"Our products are for middle class people who don’t have access to housing and can’t afford to buy," says Pablo Brodsky, commercial director of Predial, a company that sells micro-apartments ranging from 18 to 30 sq m, which are priced from $40,000. "Cities are expelling people, which is why micro-apartments are here to stay.”
Yet Brodsky says that everything has a limit. For instance, you cannot build houses as tiny as those in São Paulo.
"I would not live in 10 square metres," he says.
‘Rental for tourists’
Other companies have developed projects in more exclusive areas, such as Buenos Aires’s Belgrano or Palermo neighborhoods. These usually do not fall below 20 sq m, and prices start at $55,000.
Their buyers are investors who in some cases rent them out on platforms such as Airbnb, or even as offices.
"Due to the devaluation of the peso, it is very profitable to rent them out to tourists who pay in dollars, rather than renting them for a full year," says Manuel Mel, sales manager at Mel Propiedades, based in the Argentinean capital.
Cities are expelling people, which is why micro-apartments are here to stay - Pablo Brodsky
Young professionals, and parents of students coming from elsewhere in the country, also purchase these apartments. "They are conveniently located, near subway stations, and can be bought by people who would otherwise have to wait for years," says Mel.
Regulations that allow building micro-apartments in Buenos Aires were passed few months ago, so more projects of this kind are expected.
"People are still looking for large spaces," Mel says.
Yet, this phenomenon has not yet manifested in Mexico, lead manager at CADU Residencial José Luis Madrigal tells BBC Mundo. "Housing prices are on the rise, especially in Mexico City, and there is a high demand that the available offer cannot assimilate."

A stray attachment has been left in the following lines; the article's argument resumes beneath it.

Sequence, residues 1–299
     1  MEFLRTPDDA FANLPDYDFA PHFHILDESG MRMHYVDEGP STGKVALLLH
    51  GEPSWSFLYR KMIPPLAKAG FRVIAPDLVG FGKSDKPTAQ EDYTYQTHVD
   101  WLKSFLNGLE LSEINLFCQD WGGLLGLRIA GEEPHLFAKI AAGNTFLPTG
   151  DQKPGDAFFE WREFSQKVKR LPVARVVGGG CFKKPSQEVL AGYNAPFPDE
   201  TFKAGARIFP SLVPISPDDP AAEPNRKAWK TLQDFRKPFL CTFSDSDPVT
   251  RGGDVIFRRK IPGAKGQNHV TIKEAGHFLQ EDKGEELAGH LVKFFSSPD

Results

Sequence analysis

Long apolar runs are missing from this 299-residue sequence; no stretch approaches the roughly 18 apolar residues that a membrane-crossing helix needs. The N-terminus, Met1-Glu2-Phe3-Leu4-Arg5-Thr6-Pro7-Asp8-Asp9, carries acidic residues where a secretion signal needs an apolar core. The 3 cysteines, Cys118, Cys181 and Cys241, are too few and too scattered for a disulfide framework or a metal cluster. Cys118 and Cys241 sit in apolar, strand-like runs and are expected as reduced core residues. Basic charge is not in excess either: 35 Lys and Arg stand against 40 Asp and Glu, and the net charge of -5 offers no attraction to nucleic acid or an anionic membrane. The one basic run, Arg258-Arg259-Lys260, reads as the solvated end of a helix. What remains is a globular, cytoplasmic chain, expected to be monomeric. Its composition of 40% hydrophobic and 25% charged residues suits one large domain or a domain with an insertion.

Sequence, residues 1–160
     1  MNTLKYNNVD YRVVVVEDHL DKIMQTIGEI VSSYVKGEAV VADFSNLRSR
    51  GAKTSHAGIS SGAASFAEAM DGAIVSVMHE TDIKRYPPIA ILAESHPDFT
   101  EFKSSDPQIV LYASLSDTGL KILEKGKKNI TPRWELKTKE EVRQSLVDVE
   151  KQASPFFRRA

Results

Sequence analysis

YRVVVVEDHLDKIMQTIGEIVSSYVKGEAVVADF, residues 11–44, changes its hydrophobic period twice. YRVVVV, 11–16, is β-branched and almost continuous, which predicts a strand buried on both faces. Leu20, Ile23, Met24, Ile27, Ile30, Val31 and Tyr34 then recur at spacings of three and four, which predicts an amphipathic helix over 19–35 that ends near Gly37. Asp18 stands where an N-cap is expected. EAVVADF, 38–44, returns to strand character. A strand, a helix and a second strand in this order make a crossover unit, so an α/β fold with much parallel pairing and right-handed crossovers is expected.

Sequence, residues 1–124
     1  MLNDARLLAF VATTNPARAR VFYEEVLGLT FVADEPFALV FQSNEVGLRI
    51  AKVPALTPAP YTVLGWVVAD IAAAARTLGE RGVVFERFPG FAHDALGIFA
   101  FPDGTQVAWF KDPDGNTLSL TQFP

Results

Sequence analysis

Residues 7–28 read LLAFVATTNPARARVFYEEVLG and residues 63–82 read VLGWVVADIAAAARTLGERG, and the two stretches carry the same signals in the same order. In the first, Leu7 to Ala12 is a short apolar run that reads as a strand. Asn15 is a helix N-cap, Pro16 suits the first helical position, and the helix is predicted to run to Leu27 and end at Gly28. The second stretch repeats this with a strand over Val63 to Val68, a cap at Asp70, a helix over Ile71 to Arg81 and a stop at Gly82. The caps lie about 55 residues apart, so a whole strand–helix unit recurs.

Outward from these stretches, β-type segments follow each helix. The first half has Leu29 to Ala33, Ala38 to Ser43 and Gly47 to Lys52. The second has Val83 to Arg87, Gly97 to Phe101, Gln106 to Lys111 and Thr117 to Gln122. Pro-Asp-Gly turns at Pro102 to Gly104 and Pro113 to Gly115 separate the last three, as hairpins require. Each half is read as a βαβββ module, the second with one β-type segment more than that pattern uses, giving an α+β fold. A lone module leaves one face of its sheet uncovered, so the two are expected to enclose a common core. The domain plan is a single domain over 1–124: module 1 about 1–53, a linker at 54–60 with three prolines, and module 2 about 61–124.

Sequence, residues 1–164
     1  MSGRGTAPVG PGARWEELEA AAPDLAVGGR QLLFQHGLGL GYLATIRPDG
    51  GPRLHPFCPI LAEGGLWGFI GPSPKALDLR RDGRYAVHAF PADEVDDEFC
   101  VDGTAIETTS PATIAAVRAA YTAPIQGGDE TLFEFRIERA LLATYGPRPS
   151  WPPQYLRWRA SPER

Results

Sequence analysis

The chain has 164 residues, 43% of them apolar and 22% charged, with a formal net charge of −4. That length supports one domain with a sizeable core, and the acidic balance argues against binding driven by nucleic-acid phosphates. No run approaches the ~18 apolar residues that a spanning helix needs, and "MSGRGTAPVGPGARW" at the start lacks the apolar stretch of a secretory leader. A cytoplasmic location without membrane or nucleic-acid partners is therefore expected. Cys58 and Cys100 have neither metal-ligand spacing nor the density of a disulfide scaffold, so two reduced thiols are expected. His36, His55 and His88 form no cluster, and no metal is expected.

However, Mexico City dwellers are still looking for larger spaces, with a minimum of 65 sq m. But the tendency is for spaces to become progressively smaller, due to rising prices, reduced population growth and changing living and working conditions due to the gig economy.
Many of these are re-modelled old homes, says Leonardo González, an analyst at the Propiedades.com portal. González adds that there is a demand for small spaces coming from millennials, since it is not easy for them to buy apartments.
"Many of them lack income security, and therefore the conditions to acquire property," he explains.
This same situation is evident around the world, especially in large cities in which adequate housing is growing out of reach for an increasing number of people. Many recent graduates and young professionals choose to stay at their parents’ homes as long as possible in order to save money.
Others, tired of getting stuck in traffic jams, end up living in micro-apartments. Many urban planners, scandalised by this idea, wonder why no planning policies were put in place.
In any case, the megacities will keep on growing – and the demand for housing is hardly going to stop.